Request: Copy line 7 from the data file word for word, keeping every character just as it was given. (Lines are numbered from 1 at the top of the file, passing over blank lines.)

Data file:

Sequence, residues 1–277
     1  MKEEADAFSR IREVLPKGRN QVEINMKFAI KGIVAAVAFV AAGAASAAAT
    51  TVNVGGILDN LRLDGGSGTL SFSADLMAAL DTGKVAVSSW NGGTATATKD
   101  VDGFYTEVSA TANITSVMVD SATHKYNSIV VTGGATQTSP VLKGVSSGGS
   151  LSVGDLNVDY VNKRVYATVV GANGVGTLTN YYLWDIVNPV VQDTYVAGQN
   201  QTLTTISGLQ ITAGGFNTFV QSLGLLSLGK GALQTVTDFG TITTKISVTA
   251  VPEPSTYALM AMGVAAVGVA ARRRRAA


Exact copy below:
   251  VPEPSTYALM AMGVAAVGVA ARRRRAA